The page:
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Updated May 5, 2006


Stay hydrated:
Experts recommend drinking water (or other non-alcoholic non-caffeine beverages) to avoid increased blood viscosity during air travel. In a study by Hamada, twenty test subjects drank plenty of water, one cup per hour, during a nine hour flight. They developed significant increases in blood thickness and urine output. Blood samples from arm and lower leg were taken. Viscosity (thickness) increased in the lower leg, exactly where clots are likely to form.

Twenty other people drinking an electrolytic beverage did not have increased blood viscosity and urine output. Apparently drinking an electrolytic beverage is a much better choice for staying hydrated during air travel. See Hamada in Bibliography.

Expert review sent Hamada's study to several experts such as Bo Eklof and Gianni Belcaro for opinions. All said it looks reasonable but Belcaro wondered if it would cause line-ups at the lavatories. As a small unscientific test, Executive Director Mike Reynolds drank one cup per hour of Gatorade on a recent flight to Paris. He drank this plus all the non-alcoholic beverages offered in cabin service. He used the lavatory no more than usual, i.e. once about four hours into the seven hour flight.

Airlines don't serve electrolytic beverages. You have to bring your own. At the recommended one cup per hour, for an eight-hour flight you need 64 ounces. Three 20 oz. bottles of a sports drink will do nicely, and they fit in the seat-back pocket. If you drink one cup on the hour every hour, even during cabin service, it is easier to remember.

Finding an electrolytic beverage in some countries may be a challenge. In Paris, at the huge Decathlon store catering to runners,'s Mike Reynolds found many powdered drink mixes overloaded with performance-enhancing carbohydrates, vitamins, etc. Only one came close to the 110 mg per cup of sodium and 30 mg per cup of potassium tested in Hamada's study. But the powder has to be mixed with water. Can you use the water available on the plane?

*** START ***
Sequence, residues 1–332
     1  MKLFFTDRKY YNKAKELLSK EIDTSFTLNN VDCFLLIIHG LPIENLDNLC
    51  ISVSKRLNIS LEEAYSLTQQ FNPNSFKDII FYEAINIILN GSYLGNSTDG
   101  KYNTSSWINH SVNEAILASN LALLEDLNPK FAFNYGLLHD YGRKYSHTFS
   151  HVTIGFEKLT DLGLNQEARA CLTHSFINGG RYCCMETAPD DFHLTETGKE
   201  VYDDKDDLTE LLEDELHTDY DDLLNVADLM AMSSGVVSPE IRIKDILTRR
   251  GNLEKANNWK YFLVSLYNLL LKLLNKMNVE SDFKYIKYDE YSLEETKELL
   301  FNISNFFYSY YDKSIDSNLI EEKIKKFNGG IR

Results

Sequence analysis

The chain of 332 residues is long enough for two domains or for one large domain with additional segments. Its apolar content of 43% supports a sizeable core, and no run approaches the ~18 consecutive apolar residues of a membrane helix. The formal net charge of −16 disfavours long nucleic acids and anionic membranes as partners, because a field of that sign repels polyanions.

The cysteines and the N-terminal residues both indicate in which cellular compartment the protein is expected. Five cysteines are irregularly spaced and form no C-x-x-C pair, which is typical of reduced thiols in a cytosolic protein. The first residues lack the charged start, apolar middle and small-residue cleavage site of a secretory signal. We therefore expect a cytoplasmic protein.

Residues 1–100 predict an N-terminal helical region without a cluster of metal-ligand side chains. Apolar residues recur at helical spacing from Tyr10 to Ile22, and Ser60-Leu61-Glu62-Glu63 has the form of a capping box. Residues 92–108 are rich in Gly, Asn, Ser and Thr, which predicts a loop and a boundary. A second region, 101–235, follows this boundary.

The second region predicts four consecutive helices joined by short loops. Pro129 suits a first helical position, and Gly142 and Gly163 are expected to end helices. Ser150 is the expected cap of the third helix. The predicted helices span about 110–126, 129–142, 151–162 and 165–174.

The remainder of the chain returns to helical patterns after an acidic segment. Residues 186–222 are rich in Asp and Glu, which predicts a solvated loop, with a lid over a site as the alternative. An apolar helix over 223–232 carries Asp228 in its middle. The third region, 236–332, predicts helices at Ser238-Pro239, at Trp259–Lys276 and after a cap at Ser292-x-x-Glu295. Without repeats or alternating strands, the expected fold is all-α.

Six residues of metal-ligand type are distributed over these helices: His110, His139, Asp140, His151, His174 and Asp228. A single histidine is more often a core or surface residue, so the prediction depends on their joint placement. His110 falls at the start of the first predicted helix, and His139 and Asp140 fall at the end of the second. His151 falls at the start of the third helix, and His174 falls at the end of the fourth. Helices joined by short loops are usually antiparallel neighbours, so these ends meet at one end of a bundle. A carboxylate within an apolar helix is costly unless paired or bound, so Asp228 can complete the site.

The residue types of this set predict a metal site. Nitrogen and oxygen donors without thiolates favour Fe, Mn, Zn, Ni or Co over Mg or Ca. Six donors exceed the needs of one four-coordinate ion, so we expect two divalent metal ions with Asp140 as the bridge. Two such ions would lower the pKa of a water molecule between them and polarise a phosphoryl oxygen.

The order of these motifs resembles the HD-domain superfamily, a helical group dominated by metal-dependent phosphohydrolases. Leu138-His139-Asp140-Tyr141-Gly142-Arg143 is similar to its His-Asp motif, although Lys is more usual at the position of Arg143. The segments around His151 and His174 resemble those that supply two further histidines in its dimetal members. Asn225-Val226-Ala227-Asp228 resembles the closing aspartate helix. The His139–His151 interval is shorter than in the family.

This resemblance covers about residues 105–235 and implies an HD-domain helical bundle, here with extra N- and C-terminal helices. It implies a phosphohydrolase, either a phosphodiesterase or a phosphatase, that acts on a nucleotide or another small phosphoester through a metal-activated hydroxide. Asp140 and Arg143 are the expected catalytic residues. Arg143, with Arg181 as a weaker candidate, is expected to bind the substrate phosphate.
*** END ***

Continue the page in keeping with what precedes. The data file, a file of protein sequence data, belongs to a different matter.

Don't drink the water :
A November Wall Street Journal report found serious contamination of airline tank water, the water flowing from taps in the galley and in the lavatory. No airline had drinkable tap water. Water served for drinking is usually bottled water, but sometimes it runs out.

Using airline tap water to mix with powdered electrolytic beverages would be a serious mistake. To avoid carrying any more bottled water than necessary, you could bring two 20-oz (or so) wide-mouth bottles of clean water. Mix the powder into one bottle and, when it runs out, refill it from bottled water in the galley and mix in more powder. Keep the other bottle in reserve in case they run out of bottled water in the galley.

Calories: During air travel you don't need energy-boosting carbohydrates. If you are counting calories, look for stores carry low-calory isotonic beverages. Or you might prefer low-calory isotonic powder mixes such as Isostar, especially if you want to avoid the bulk and weight of bottled drinks.

Pretzels: If you search "hydration" on Google, you will find other alternatives such as drinking water and munching a few pretzels, but this leaves a lot to chance. Until further scientific studies are done, one cup per hour of an isotonic beverage seems prudent.

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